In addition to this the Foreign and Commonwealth Office paid for his Diploma in Occupational Medicine at the Royal Society of Public Health. It was only after a lecturer did not turn up and his peers nominated him to lecture the class that he began lecturing and now is one of the lecturers on the course, more than eleven years later.
Charlie found great difficulty in trying to pass the public health exam and tried several times, but was not able to pass all modules at the same time.Thus, he decided to start his own business called The Number One Health Group. The company specialised in health screening and vaccinations in addition to occupational health services.
However, due to a number of reasons the business collapsed and around the same time Charlie was also going through a divorce. He had not worked in the NHS for a number of years and knew that deep down he did not want to go back so he decided to try again and re-branded the business. It was not easy at all Charlie told me, especially when his credit rating was so poor but he continued to believe in his vision and began again with YEHS.
Advice and Walt Disney
I asked Charlie if he had words of advice or wisdom for anyone in a similar situation to him. He explained that you should seek out people who have done what you want to do i.e they’ve started a business and learn from them, even buying “a millionaire lunch”. You should also be approachable and learn about the world you want to enter, so in this case business. He knows now that “most businesses go bust” but it is important to move on and persevere in order to find and create something better than before.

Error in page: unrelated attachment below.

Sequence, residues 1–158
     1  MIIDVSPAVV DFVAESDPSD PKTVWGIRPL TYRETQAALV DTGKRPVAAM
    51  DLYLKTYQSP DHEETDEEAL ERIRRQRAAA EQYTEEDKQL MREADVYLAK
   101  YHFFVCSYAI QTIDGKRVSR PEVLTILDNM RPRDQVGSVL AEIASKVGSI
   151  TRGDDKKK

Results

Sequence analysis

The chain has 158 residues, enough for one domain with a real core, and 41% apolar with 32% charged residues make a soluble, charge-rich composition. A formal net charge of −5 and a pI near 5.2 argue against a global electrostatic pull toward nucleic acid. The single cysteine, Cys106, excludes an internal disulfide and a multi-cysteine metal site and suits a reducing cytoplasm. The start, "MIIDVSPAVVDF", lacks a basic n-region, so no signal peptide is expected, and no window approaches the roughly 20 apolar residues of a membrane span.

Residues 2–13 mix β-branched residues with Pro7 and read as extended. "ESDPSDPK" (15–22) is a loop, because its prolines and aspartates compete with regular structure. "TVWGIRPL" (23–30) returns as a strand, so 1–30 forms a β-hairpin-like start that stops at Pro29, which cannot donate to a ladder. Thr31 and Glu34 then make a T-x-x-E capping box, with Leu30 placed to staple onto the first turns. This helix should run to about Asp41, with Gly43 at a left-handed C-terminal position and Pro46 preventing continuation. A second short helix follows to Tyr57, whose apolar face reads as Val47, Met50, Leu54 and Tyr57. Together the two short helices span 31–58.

Charlie left me with what he wants to achieve in life and that is being like Walt Disney. He elaborated on this by saying that Walt Disney visited a number of amusement parks but did not like what he saw, for example he felt that the rides were unsafe. So, what did he do? He set about creating a solution and so Disneyland was born. Similarly, Charlie sees that there are a number of areas that could be improved within Medicine and is also doing something to change the existing situation.
Charlie is a remarkable person; he says you should be approachable and I find that he is just that. In the short time I have known him I can say that he is someone who is always willing to help others. I believe in the saying that you should never be the smartest person in the room and so I like to engage with people such as Charlie- ambitious, driven, determined and intelligent. He chose Medicine as a career, (or perhaps it chose him) but soon realised working in the NHS was not for him and so looked for ways to change his situation. I think this is the take home point, well for me anyway. If something is not right for you do something about it; change your situation. There is no use complaining about it; complaining is not going to get you anywhere. But, if you dare to be courageous and take risks you may actually find that you are much more successful and more importantly happy.
Featured image from The Times